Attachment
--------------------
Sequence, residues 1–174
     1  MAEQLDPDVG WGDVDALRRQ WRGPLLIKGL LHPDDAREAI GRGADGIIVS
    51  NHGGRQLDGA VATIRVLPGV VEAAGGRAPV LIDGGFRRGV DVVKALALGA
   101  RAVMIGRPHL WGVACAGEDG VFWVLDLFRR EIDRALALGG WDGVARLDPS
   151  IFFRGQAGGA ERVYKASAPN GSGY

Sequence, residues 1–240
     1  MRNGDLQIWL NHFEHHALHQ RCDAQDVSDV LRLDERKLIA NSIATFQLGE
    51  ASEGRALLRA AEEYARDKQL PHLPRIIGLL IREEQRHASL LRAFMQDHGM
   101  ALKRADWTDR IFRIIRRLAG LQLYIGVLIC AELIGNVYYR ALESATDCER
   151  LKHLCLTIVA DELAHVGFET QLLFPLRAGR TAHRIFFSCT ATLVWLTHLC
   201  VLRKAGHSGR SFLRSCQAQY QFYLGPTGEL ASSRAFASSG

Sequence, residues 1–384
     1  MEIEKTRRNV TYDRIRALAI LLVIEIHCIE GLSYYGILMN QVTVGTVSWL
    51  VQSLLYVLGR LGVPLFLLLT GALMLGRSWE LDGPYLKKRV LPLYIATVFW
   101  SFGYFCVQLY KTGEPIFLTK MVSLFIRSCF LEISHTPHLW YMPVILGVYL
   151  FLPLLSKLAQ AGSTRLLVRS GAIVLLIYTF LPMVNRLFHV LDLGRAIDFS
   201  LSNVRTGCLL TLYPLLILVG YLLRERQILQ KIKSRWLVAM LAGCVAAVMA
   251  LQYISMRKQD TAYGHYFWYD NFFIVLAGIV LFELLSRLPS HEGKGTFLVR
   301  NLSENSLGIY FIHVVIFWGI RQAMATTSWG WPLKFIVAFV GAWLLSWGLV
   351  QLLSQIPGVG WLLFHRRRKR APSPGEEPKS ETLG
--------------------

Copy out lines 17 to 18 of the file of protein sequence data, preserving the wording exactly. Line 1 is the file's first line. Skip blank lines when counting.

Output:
   201  LSNVRTGCLL TLYPLLILVG YLLRERQILQ KIKSRWLVAM LAGCVAAVMA
   251  LQYISMRKQD TAYGHYFWYD NFFIVLAGIV LFELLSRLPS HEGKGTFLVR